Sound Quality            ***

Build Quality              ****

Features                     *****

Ease of use                 ****

Overall value              ****



Canon UC3000            £550

JVC AX660                £599

Sony CCD-TR330 £550


Panasonic UK, telephone (0990) 357357, http://www.panasonic.co.uk





Whyís it here: Mitsubishi are comparative newcomers to the widescreen market. They launched their first model -- a fairly ordinary 32-incher --  at the end of 1995; the CT-28BW2BD is their first 28-inch set with Dolby Pro Logic sound. This sector of the market is where the action is right now, but over the next few months we can expect to see even more competitive pricing and jockeying for position when the 97/98 model ranges hit the shops. However, for the moment at least Mitsubishi are setting the pace with the first 28-inch widescreen TV, with DPL sound, to sell for less than £1000.


Any unique features: Well, itís not exactly unique, but the big flat cabinet top is unusual, and itís got a bit of a large bum. Most other widescreen TV manufacturers have gone for curved, slimmed-down look, that reduces the impact of a large cabinet. To be fair, from the front it doesnít look too bad, but viewed from the side the cabinet back appears vast. It has to be, to house the large forward and sideways-firing ĎMultiportí speakers. Theyíre a major improvement on the squitty little unenclosed speakers used in many sets these days; thereís even a extra bass speaker, with a port on the back panel. It has good range of widescreen display options, including panorama stretch, and a novel caption mode, for squeezing in subtitled letterboxed movies.


An automatic teletext subtitle facility can be set to appear when the sound is muted, so you can keep up with the action if the phone rings. Three AV memories store picture and sound settings; M1 looks after any changes that are made whilst the TV is on, M2 and M3 store changes in a non-volatile memory, with adjustments for external source inputs, such as a VCR, satellite receiver or laserdisc player. The fastext decoder has four page number memories, assigned to each of the first 30 channel selections. If you fall asleep in front of the TV thereís an off timer, programmable in 10 minute intervals up to a maximum of 90 minutes. A set of front AV connections are located behind a hinged flap, below the screen. Thereís a headphone jack, composite and S-Video sockets, plus a pair of stereo line inputs, for temporary camcorder and video game hook-ups. The TV comes with a pair of compact rear speakers, and a glass-fronted cabinet, housing the centre front channel speaker.


How does it perform: The auto-installation system gets the TV up and running in just a couple of minutes. The simple and well-presented on-screen display system is easy to use. Picture quality is generally very good, colours are bright and clean, even in heavily saturated areas. In spite of some fairly extensive digital processing the picture is free of any motion artefacts. With a good strong signal thereís very little noise, plenty of fine detail and a good range of contrast. The big surprise, though, is the sound. Itís in a different league to most other NICAM and DPL sets on the market. Sound output is lively and well balanced, with an unusually solid bass. The Pro Logic decoder is responsive, equally good at handling loud dynamic sounds and subtle effects, which are accurately positioned within the soundstage. External right and left channel speakers are an option but the Multiport system makes them largely unnecessary in an average-sized living room.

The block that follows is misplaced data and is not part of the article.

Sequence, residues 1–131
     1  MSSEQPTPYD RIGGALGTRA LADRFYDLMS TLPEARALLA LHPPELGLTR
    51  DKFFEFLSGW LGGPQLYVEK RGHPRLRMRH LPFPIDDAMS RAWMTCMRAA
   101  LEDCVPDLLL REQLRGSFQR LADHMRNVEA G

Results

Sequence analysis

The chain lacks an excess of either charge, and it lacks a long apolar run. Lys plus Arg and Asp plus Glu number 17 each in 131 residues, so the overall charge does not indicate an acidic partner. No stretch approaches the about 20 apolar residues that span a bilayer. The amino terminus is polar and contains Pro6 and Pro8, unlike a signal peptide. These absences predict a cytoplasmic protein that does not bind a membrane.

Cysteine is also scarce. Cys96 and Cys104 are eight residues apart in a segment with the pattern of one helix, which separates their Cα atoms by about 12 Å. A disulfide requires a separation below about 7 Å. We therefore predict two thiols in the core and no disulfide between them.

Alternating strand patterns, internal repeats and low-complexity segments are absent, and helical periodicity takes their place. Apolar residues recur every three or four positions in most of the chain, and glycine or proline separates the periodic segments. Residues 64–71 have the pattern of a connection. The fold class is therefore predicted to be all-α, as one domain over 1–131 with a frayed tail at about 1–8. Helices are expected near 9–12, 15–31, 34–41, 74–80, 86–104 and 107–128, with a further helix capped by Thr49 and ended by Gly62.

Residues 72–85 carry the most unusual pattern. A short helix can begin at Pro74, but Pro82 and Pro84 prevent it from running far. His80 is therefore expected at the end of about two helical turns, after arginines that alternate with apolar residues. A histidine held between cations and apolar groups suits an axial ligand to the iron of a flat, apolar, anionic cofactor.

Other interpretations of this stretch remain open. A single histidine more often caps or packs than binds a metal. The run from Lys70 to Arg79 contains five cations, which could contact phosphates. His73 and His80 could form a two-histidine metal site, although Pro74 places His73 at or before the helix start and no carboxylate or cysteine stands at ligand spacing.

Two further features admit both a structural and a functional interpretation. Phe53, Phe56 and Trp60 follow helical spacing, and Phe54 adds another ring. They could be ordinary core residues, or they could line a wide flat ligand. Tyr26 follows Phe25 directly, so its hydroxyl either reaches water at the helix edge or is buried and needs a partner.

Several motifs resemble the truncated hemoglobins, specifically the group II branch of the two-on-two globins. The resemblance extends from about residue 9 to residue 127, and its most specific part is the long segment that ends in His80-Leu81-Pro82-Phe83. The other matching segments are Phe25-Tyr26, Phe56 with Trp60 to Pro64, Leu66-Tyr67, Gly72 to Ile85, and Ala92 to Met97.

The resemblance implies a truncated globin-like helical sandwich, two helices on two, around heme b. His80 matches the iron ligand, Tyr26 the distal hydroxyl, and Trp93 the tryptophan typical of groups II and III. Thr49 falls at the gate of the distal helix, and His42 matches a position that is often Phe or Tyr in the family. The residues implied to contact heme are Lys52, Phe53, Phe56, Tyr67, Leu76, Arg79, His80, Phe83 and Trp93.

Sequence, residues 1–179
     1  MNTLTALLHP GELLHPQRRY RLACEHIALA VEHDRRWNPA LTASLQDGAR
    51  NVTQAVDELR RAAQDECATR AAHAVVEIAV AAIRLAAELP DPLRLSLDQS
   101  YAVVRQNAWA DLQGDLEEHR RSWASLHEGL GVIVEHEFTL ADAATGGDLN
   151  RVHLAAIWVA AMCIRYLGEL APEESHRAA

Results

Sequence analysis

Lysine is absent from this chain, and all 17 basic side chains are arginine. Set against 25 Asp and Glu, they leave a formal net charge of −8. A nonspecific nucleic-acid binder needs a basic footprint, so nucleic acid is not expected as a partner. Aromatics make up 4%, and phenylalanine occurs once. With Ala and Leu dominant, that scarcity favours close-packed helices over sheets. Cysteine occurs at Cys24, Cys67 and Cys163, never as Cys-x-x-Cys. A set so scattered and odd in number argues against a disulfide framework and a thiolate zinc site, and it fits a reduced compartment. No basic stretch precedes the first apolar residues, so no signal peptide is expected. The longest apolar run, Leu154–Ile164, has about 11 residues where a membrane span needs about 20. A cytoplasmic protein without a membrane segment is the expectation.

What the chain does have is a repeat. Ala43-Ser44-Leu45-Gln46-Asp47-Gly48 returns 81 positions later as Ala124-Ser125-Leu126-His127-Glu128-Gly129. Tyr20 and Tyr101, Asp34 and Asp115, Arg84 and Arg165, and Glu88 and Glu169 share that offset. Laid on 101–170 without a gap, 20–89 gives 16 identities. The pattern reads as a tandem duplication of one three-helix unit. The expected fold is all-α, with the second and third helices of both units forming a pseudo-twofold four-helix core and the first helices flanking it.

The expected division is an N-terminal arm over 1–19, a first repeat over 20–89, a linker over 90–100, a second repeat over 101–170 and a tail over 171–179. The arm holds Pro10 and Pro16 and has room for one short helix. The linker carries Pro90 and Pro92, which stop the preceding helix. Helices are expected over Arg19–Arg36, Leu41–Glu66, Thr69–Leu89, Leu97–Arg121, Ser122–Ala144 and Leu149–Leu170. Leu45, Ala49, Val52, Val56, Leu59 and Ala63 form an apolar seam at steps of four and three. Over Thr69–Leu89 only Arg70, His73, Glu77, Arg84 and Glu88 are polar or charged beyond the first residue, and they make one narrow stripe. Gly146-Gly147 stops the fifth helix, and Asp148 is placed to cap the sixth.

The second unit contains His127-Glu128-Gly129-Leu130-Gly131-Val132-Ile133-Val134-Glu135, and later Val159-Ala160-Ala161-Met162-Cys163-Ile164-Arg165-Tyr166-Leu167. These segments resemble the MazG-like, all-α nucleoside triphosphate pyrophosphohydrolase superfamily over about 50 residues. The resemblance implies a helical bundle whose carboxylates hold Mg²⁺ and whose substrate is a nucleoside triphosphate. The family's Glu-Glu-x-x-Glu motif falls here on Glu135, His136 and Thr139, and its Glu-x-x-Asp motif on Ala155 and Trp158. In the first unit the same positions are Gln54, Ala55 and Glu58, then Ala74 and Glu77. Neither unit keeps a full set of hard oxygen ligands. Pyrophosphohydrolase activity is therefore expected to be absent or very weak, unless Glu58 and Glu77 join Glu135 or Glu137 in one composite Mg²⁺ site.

Our Verdict: The speakers and sound systems supplied with many DPL TVs often lack power, robbing surround sound effects of their drama. The CT-28BW2BD is a notch or two above most of the competition. Itís still not as good as most separates or system-based surround set-ups, but if you havenít got the space for a lot of extra boxes in your living room, this could be the next best thing.


Mitsubishi CT-28BW2BD

Features            widescreen display, multi picture format (4:3, 14:9, 16:9, Panorama, cinema, caption), Dolby Pro Logic surround sound, NICAM stereo, pseudo surround, DSP, auto subtitles, auto set-up, 3 AV memories, off timer, fastext with 4 page number memories per channel, front AV inputs, stand and speakers supplied


Sockets             rear: 2 x SCART AV, centre channel speaker (2-pin DIN), surround & front stereo speakers (spring terminals). front: composite video and line audio (phono), S-video in (mini DIN), headphone (minijack)


Dimensions            710 x 505 x 895mm (with stand)


Picture Quality            ****

Sound Quality            *****

Build Quality              ****

Features                     ****

Ease of use                 ****

Overall value              ****



Hitachi C28399TN            £1200

Philips 28W9631            £1400

Sanyo 28 WP1    £1000


Mitsubishi Electric UK Ltd., telephone (01707) 276100



Sound output from the Multiport speakers is channeled through narrow slits either side of the screen, and a larger pair of grilles on the sides of the cabinet


Front AV sockets, a headphone jack and a set of emergency TV controls are hidden behind a drop down flap, immediately below the screen


Rear panel connections comprise a pair of SCART AV sockets and a bank of spring terminals, for the rear channel speakers, and optional front stereo speakers, The centre channel speaker output is carried by a 2-pin DIN socket


The ergonomically-shaped remote handset has a set of controls for Mitsubishi VCRs, these are engaged by pressing a button on the side of the case


There are five widescreen display options, 14:9, 16:9, cinema, panorama and caption, as well as normal 4:3. They are selected sequentially, using the display button on the remote handset



” R. Maybury 1997, 2603